There's been a tremendous uproar in the social media world since AlterNet published a story accusing a group of influential social media users of actively engaging in political "censorship" on Digg.com, the popular social news network.
Digg launched in 2004 based on a simple premise: users would submit stories to the site, and they would be voted up ("dugg") or down ("buried") by the people. The most popular stories would make Digg's front page, which boasts 25 million pageviews per month, on par with a large mainstream media site.
But Digg's online democracy isn't utopian, it's messy. Ole Ole Olsen, the author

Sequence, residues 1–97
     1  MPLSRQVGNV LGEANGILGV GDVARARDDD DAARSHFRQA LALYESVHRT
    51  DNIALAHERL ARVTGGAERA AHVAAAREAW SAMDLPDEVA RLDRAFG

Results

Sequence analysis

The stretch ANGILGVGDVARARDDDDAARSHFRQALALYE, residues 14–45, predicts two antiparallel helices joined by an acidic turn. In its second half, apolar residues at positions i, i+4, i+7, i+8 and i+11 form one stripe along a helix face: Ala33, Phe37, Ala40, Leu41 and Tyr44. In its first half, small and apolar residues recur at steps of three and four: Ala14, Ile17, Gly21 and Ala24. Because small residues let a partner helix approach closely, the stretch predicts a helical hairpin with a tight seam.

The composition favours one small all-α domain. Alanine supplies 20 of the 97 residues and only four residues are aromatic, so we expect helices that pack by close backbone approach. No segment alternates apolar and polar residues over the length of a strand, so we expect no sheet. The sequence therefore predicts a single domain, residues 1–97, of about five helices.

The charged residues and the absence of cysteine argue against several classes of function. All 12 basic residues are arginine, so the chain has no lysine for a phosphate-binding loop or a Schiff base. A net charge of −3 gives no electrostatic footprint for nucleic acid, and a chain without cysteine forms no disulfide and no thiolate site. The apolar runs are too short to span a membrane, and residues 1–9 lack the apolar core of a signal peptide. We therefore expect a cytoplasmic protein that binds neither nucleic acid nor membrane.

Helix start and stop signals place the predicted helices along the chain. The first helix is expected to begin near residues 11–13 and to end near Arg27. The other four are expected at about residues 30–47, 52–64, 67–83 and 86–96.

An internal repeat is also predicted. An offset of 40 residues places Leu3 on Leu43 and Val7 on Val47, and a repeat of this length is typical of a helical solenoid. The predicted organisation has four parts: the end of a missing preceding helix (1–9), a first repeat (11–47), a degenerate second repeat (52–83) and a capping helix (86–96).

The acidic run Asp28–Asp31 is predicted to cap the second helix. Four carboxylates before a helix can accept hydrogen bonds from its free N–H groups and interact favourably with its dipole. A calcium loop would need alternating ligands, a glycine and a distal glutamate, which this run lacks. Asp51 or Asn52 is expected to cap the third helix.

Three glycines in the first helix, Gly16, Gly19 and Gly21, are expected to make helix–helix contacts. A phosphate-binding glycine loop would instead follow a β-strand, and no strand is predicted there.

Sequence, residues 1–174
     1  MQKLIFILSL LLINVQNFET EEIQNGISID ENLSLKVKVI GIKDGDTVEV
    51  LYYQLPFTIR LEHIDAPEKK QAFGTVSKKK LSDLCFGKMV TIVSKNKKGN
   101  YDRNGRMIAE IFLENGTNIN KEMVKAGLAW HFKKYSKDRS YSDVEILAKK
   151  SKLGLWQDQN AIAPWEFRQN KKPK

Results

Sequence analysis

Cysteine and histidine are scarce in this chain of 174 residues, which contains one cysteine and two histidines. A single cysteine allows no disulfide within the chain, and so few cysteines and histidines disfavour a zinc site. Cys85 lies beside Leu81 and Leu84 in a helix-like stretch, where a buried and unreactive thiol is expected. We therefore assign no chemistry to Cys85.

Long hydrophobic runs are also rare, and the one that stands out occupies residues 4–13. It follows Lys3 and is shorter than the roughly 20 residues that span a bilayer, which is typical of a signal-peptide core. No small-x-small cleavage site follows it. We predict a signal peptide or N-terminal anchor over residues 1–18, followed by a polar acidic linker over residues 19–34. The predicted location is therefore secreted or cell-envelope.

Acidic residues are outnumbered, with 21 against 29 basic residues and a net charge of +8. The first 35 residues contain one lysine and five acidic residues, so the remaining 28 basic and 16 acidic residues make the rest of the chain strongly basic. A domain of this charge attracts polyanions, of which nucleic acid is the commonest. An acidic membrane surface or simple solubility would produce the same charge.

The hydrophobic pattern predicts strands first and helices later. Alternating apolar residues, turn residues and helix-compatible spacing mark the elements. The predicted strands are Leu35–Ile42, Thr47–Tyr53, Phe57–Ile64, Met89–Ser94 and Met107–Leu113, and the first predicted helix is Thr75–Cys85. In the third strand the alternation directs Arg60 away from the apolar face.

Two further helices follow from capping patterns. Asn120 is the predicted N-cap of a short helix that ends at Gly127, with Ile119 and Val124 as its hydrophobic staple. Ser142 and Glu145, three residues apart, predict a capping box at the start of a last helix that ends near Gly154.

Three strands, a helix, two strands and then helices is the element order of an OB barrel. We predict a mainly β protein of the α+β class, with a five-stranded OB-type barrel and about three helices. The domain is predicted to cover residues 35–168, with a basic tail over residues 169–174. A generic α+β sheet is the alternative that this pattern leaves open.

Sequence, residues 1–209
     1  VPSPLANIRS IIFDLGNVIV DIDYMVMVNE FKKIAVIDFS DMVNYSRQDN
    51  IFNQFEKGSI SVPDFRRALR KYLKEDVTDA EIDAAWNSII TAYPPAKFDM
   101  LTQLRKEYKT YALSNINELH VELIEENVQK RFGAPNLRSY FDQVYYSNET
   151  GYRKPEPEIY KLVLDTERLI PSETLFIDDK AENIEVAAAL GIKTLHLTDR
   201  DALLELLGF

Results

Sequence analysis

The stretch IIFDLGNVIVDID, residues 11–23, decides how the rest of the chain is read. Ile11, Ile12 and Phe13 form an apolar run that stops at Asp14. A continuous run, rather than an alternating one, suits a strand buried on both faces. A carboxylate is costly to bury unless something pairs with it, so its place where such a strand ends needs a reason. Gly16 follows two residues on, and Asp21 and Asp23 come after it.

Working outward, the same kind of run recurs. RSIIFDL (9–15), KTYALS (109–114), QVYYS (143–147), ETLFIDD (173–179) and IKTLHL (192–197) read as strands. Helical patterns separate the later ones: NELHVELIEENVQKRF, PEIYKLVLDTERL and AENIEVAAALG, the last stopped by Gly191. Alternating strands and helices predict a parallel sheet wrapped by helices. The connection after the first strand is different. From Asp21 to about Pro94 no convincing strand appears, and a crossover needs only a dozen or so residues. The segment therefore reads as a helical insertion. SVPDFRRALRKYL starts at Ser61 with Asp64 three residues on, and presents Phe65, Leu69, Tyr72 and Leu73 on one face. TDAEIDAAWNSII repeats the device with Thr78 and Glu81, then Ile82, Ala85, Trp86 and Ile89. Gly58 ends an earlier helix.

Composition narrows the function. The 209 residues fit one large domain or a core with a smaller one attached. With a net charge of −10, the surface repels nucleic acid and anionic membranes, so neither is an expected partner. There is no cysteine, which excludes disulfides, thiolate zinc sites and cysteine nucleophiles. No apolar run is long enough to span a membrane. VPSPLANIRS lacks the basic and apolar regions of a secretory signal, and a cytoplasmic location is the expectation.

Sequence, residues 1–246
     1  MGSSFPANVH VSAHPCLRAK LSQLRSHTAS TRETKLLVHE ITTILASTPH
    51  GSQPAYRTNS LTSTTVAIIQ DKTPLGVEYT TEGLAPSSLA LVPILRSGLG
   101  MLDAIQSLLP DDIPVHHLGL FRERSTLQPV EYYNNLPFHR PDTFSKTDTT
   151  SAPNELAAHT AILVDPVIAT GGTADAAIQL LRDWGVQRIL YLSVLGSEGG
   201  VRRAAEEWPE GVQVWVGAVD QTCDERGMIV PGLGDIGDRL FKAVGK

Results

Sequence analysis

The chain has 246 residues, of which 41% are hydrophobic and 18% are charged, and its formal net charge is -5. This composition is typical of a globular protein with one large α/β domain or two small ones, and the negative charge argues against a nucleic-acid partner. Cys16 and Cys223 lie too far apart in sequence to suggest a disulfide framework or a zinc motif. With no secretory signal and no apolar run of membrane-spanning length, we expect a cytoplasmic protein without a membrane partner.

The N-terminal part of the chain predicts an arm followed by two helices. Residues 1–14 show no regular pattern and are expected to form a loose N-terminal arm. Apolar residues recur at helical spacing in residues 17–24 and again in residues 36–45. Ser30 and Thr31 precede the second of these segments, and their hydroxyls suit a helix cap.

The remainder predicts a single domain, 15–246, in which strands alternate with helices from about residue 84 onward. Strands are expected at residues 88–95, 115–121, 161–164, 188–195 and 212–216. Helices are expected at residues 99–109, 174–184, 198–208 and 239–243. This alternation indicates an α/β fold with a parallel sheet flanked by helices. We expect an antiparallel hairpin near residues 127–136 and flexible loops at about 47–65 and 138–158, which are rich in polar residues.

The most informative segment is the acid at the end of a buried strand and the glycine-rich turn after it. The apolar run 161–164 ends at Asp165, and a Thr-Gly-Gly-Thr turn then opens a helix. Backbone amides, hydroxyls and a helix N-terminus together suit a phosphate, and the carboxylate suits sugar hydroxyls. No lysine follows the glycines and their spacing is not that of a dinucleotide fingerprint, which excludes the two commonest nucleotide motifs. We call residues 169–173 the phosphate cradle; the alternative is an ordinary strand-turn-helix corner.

of the Alternet post, accused a group of influential diggers of collectively
engaging in political warfare. He accused a right-leaning group of carrying out "a widespread campaign of
censorship" largely through cheating, i.e. "having multiple accounts, upvote padding, and deliberately
trying to ban progressives." AlterNet further claimed the group --
dubbed "Digg Patriots" -- work to repress articles
"even slightly critical of the GOP/Tea Party/FoxNews/corporations."
Digg's founder Kevin Rose announced via Twitter that the company would be investigating these claims. While it might seem that gaming the Digg system goes against the democratic ethos of the site, this kind of interest group lobbying and activism is pretty much exactly how politics works. It might be online and algorithmically aided but it's still politics.